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Should I have my friends and family invest in a bank CD that I utilize as a secured loan for my business?

By: Rick Gossett

 

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I have many friends and family members who are interested in investing in my business. They would like to help me but also want a secure place to put their money. Is having them invest in a bank CD that I utilize as a secured loan for my business a good option?

Answer: In our opinion, having investors buy a bank CD (or CDs) to secure a bank loan is not a good option since the money is still at risk if you default on the loan (collateralized by the CD). Also, under this option, the investors would be getting a very low interest rate on the CD and taking all of the investment risk, while the bank would be getting a higher interest rate on the business loan with no, or less, risk. Generally speaking, investing in small startup companies is very risky and small business investors should understand that they have very little security unless the business and/or owner has tangible assets (real estate, equipment, personal property, etc) to secure the loan, which is very unusual.
As to small business financing, it can come from a variety of sources including the business owner(s), relatives, friends, business associates, business partners, banks, leasing companies, and federal and state agencies. The amount required, available collateral, and other factors will affect the source of financing, but small amounts typically come from home-equity lines of credit, credit cards, savings accounts, relatives, friends, professional associates or business partners, while larger amounts typically come from banks, leasing companies, and government agencies.
A bank or other lender, generally, considers five things in a loan decision: borrowing capacity, invested capital, collateral, business and industry economic conditions, and character of the borrower. These factors, including the personal guarantee of a small business owner, can often overcome a lack of credit history or poor credit in certain situations. Also, lending criteria and near-term goals in lending money vary among financial institutions (banks, government, leasing companies, etc), so it pays to shop around for business financing.<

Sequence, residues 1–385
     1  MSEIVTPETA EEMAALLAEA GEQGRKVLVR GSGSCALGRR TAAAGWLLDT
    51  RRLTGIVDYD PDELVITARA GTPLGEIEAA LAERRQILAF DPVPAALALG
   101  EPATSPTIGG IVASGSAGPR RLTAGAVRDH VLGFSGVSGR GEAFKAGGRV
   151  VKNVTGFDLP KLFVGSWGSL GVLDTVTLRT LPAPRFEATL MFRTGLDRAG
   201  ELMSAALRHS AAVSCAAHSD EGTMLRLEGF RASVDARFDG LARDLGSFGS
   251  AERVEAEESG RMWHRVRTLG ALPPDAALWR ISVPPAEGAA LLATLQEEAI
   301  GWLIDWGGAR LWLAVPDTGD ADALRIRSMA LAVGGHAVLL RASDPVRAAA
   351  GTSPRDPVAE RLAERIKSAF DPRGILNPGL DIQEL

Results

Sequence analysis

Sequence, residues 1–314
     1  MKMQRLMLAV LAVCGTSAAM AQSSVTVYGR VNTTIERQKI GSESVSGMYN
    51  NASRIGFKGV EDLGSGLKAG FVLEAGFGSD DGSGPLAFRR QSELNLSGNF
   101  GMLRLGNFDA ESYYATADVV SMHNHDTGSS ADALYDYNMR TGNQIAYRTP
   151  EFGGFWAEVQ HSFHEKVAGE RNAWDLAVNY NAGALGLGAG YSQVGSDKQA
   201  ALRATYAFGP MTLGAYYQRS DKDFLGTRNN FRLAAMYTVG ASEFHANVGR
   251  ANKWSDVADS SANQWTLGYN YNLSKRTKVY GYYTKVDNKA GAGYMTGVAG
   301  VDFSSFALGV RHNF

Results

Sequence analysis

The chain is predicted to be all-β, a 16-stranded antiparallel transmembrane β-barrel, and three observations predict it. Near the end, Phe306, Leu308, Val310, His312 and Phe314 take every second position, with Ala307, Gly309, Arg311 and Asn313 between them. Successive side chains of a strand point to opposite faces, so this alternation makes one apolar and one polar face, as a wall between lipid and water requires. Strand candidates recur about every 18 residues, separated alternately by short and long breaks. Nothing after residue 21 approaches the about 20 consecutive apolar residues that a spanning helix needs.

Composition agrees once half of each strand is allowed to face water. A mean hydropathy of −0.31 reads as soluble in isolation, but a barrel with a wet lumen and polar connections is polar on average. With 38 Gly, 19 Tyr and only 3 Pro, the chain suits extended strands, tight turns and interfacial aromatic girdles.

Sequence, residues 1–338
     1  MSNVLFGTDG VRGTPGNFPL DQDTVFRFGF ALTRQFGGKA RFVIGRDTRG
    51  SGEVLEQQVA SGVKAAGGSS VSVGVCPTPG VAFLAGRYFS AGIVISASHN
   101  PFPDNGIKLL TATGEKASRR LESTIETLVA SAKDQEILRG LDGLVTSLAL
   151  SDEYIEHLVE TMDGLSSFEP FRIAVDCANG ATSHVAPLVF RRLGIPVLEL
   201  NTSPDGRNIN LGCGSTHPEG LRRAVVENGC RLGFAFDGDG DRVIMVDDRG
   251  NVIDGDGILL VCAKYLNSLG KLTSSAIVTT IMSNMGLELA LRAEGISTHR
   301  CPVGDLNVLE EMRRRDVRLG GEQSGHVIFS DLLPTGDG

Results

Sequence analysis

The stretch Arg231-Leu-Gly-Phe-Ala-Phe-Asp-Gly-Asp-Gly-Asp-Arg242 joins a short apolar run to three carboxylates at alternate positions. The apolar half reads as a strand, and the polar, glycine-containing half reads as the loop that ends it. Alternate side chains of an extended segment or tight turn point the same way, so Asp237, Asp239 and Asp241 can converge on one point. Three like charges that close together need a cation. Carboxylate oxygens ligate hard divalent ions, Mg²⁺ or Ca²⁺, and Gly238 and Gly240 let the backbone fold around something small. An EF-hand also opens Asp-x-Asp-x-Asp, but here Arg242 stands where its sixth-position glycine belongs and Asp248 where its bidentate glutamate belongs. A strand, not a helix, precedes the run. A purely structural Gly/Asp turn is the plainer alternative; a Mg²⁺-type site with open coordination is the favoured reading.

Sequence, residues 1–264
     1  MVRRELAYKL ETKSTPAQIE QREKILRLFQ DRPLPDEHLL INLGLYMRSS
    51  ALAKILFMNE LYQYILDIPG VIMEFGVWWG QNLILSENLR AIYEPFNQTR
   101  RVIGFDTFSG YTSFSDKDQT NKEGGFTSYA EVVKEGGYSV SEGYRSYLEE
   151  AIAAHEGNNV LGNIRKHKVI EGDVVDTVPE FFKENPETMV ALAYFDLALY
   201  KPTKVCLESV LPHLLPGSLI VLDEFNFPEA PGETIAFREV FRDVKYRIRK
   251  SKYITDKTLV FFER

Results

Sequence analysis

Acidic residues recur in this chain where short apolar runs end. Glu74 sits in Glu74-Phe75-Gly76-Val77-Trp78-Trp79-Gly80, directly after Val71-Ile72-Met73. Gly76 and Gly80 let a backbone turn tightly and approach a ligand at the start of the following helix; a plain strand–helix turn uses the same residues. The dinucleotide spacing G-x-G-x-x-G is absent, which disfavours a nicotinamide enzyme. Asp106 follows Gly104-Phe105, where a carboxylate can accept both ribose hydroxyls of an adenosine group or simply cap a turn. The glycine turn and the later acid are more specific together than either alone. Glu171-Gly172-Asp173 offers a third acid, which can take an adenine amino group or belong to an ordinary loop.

Published: January 22, 2014
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Rick Gossett

As COO of Tarkenton Companies for more than 20 years, Rick has been responsible for business software development, unique partnerships, business educational content and consulting, and more. Rick was the originator of Tarkenton Companies’s consulting service and initially handled all of the questions himself. Prior to joining Tarkenton Companies, Rick owned and operated a private practice as a CPA. Prior to that, he was a Senior Manager at Pannell Kerr Forster in tax and audit, as well as Principal in Ernst & Young's small business advisory group.

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